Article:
What is the purpose of this website? This blog records the investigatory work of Garson O’Toole who diligently seeks the truth about quotations. Who really said what? This question often cannot be answered with complete finality, but approximate solutions can be iteratively improved over time.
Who uses this website? Articles on the Quote Investigator website have been cited by journalists and writers at The Wall Street Journal, The New York Times, The Boston Globe, The Economist, The Washington Post, Slate, The Chicago Tribune, The Guardian, Real Clear Politics, The Jacksonville Times-Union, A Way With Words (Public Radio Program), ABC Television News, ABC (Australia), and more.
People are sharing what they have discovered on the website via multiple social media channels including: Twitter, Reddit, Google+, YCombinator News, Quora, StumbleUpon, FaceBook, Pinterest, Tumblr, Slashdot, and Metafilter.
Will you answer my quotation question? QI greatly enjoys receiving requests from website visitors, and he has been able to help many people.However, QI is unable to research all queries because there are far too many, and a single quotation may require hours of research time. QI maintains more than one thousand open files representing partial investigations many of which are ongoing. New requests arrive every day. Nevertheless, your request might jump to the top of the queue. The contact address to send your request is given further below.
Where do the questions come from? Most questions are written or rewritten by QI. Many questions are based on queries from the general public received via email. In addition, some questions are from face-to-face encounters between QI and inquisitive friends and family members. Also, many questions are constructed from scratch by QI for entertainment purposes.
QI is moving toward demicelebrity status. Here are some examples of items that reference QI research:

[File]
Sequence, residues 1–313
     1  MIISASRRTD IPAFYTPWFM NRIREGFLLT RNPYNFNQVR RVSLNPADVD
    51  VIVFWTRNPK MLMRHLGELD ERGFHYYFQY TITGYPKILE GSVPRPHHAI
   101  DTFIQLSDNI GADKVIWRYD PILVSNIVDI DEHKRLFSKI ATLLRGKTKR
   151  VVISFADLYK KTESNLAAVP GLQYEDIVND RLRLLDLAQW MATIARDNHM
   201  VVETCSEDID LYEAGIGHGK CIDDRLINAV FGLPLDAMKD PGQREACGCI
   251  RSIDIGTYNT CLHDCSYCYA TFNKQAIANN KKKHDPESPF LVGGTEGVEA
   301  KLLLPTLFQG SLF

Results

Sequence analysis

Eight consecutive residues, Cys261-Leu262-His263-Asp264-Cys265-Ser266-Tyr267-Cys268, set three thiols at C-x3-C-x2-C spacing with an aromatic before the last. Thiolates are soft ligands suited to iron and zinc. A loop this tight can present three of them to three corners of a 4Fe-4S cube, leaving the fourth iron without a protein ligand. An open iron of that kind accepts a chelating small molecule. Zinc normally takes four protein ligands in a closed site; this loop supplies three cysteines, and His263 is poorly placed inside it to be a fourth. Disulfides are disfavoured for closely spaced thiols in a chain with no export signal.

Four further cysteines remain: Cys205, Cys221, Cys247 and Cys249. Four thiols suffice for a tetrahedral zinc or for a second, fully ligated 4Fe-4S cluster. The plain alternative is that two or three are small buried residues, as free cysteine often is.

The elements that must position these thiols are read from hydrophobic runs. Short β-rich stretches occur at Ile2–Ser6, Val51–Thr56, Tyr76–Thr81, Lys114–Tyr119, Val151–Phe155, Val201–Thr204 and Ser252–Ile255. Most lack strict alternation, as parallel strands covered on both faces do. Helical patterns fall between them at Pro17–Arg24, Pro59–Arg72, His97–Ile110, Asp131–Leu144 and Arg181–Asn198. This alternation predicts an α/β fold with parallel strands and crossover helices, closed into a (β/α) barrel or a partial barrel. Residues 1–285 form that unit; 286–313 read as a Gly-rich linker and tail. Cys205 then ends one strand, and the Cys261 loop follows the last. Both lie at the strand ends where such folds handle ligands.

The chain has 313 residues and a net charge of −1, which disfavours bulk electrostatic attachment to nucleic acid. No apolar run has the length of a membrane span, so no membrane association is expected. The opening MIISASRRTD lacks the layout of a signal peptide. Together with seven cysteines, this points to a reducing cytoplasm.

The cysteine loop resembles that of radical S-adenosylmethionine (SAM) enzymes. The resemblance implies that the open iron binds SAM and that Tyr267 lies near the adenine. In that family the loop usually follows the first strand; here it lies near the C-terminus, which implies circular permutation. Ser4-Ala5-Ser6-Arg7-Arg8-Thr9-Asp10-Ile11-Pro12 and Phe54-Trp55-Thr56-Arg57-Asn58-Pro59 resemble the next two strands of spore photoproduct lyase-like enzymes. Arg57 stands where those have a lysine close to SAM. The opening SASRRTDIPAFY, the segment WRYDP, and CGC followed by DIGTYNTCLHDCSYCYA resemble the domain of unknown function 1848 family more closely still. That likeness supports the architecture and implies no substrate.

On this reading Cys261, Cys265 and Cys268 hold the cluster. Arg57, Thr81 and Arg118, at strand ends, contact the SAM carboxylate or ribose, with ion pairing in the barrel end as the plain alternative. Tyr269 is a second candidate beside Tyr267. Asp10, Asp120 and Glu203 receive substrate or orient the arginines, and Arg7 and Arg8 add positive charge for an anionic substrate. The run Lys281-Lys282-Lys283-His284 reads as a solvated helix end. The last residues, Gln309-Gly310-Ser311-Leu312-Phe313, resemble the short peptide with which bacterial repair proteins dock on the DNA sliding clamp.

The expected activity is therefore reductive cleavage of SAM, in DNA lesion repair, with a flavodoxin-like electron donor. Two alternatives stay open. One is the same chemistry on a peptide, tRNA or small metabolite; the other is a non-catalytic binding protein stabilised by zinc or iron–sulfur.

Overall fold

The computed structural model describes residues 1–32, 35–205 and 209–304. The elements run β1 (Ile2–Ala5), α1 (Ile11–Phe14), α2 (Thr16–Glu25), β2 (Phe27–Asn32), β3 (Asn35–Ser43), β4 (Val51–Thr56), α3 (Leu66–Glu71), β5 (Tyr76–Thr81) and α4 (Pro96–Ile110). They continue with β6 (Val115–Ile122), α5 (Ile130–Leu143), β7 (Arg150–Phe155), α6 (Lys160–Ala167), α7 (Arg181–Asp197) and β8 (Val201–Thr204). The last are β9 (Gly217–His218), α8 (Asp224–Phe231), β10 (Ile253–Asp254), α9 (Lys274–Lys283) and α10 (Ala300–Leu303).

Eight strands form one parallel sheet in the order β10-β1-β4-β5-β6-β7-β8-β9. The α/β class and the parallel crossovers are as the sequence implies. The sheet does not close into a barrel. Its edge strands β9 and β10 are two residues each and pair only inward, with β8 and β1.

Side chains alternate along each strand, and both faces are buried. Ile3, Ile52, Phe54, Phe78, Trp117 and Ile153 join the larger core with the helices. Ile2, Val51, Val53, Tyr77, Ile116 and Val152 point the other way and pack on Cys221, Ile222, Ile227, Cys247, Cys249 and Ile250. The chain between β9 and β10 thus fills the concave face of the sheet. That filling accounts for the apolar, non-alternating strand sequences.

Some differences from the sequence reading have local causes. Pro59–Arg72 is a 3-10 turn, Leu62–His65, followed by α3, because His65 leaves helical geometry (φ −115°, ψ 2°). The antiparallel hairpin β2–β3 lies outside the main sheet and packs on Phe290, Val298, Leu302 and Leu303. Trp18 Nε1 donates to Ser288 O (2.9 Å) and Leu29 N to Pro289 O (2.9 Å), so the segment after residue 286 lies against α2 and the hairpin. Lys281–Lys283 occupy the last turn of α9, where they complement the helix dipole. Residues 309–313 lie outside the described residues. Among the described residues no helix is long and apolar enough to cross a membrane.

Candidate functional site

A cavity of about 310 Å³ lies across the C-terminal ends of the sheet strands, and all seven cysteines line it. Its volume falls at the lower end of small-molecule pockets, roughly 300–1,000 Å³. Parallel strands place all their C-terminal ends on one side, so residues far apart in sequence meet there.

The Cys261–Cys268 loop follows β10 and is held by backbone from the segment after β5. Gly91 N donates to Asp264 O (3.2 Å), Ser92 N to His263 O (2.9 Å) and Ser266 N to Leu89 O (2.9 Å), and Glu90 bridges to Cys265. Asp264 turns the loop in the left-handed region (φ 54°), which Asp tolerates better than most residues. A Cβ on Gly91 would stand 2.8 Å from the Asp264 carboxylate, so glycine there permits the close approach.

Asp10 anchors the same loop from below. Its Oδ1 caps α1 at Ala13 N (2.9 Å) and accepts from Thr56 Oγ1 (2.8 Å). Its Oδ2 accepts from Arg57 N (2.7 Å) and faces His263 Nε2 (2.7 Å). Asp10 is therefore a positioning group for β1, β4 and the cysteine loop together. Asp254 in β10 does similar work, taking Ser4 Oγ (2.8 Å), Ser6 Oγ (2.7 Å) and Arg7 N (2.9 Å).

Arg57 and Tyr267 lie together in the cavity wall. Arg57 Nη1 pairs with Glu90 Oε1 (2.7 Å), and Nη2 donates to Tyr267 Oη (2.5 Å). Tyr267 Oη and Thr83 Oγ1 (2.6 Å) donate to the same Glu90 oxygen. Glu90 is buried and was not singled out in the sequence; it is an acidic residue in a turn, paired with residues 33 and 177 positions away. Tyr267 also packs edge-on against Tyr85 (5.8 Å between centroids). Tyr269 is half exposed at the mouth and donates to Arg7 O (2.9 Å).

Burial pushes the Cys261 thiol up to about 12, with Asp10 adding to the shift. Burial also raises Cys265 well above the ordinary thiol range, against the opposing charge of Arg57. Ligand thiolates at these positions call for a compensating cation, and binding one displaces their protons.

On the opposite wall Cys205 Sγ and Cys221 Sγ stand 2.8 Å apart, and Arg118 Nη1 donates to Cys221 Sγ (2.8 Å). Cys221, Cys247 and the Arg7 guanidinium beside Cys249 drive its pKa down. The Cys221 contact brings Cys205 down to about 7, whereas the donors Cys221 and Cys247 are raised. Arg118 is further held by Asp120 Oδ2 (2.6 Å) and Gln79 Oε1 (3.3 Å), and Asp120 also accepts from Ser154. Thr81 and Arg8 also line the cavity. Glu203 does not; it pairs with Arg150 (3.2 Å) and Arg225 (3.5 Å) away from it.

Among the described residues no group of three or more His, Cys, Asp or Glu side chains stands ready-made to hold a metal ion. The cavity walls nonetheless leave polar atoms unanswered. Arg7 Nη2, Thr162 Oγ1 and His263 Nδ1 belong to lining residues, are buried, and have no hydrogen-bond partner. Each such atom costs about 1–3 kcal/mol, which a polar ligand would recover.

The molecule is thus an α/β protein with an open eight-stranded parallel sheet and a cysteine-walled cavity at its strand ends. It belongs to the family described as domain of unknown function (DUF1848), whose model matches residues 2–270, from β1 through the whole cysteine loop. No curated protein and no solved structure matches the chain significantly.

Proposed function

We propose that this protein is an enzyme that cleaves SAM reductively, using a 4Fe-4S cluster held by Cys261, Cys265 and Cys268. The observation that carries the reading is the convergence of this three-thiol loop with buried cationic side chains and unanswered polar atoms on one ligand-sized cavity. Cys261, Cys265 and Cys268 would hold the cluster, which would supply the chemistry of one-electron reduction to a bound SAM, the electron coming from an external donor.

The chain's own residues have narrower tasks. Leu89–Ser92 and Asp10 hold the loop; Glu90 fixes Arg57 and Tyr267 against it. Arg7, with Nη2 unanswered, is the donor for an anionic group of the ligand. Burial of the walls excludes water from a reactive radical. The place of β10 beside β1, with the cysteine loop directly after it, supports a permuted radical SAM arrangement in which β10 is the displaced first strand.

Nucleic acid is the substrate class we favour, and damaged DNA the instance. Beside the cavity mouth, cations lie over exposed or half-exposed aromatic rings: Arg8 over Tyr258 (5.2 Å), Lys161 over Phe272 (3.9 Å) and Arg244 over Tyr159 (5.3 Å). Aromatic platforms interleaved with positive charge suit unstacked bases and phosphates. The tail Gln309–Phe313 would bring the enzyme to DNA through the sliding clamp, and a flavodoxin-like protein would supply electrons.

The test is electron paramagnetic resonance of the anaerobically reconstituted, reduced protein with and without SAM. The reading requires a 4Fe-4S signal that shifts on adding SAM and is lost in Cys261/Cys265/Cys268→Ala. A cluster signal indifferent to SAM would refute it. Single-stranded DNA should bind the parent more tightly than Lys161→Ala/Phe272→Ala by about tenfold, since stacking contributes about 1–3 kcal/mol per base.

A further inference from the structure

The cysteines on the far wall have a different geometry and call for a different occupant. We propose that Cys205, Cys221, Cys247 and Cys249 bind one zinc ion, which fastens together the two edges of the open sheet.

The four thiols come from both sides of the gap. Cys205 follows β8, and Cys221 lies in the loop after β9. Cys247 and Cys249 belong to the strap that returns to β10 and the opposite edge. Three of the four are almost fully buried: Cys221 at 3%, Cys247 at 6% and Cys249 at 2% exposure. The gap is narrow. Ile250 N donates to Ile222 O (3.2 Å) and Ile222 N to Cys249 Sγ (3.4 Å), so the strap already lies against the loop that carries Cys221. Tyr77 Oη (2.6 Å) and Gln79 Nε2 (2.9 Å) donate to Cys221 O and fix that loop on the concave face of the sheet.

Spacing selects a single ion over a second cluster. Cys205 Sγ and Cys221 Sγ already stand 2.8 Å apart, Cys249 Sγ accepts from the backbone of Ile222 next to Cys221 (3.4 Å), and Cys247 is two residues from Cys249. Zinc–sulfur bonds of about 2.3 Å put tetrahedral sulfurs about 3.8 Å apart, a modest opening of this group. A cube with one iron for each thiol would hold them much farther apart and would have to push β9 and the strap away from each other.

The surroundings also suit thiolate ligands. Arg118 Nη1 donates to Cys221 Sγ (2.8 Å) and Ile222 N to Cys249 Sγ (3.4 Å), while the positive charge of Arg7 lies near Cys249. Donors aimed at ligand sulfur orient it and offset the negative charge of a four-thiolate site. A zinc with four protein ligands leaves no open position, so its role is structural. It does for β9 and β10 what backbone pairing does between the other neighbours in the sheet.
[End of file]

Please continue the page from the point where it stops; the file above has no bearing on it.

Slate: “Did Hemingway Really Write His Famous Six-Word Story?” By David Haglund. (Summary of QI research on “For Sale, Baby Shoes, Never Worn”)
TLS – The Times Literary Supplement: “Just glad to see me?” by Fred R. Shapiro. (Includes a positive assessment of the QI website by one of the top quotation experts)
Wired magazine: “Baby shoes for sale? You’ve been misquoting Hemingway all this time” by Victoria Turk. (Mentions five quotations examined by QI)
The Chronicle of Higher Education: “Who Really Said That?” by Corey Robin (Article discusses the realm of the WAS (Wrongly Attributed Statement) and praises the QI website.)
Boston Globe: “What is YOLO? Only teenagers know for sure” by Ben Zimmer. (Top lexicographer Ben Zimmer who now writes a wonderful column at the Wall Street Journal discussed QI’s research on “YOLO: You Only Live Once” when he was a columnist at the Boston Globe)
BBC: “Ukraine crisis: Stalin’s joke sums up Obama’s dilemma” (Article includes link to entry titled “The Arc of the Moral Universe Is Long But It Bends Toward Justice” which discusses a saying employed by Martin Luther King, Barack Obama, and Theodore Parker.
BBC: “What makes a classic quip?” (Article includes link to entry titled “This Is Not a Novel To Be Tossed Aside Lightly. It Should Be Thrown with Great Force” about a quote attributed to Dorothy Parker.
Twitter: Jack Dorsey @jack, one of the founders of Twitter, tweeted the following message on June 28, 2013 with a link to a QI entry about the controversial quotation famously employed by Steve Jobs: “Good artists copy. Great artists steal.”—NOT Pablo Picasso
Buzzfeed: “13 Pinterest-Famous Celebrity Quotes That Are Totally Fake” by Gabby Noone. (Article includes links to quotations by Laurel Thatcher Ulrich and Roger Miller)
What is Dr O’Toole’s background? Garson O’Toole has a doctorate from Yale University, and exploring quotations is one of his avocations.
How do I contact Dr. O’Toole? To contact Dr. O’Toole send an email message to “garson o toole”. Delete the spaces in the moniker given and use the gmail domain. Nom de plume Garson O’Toole.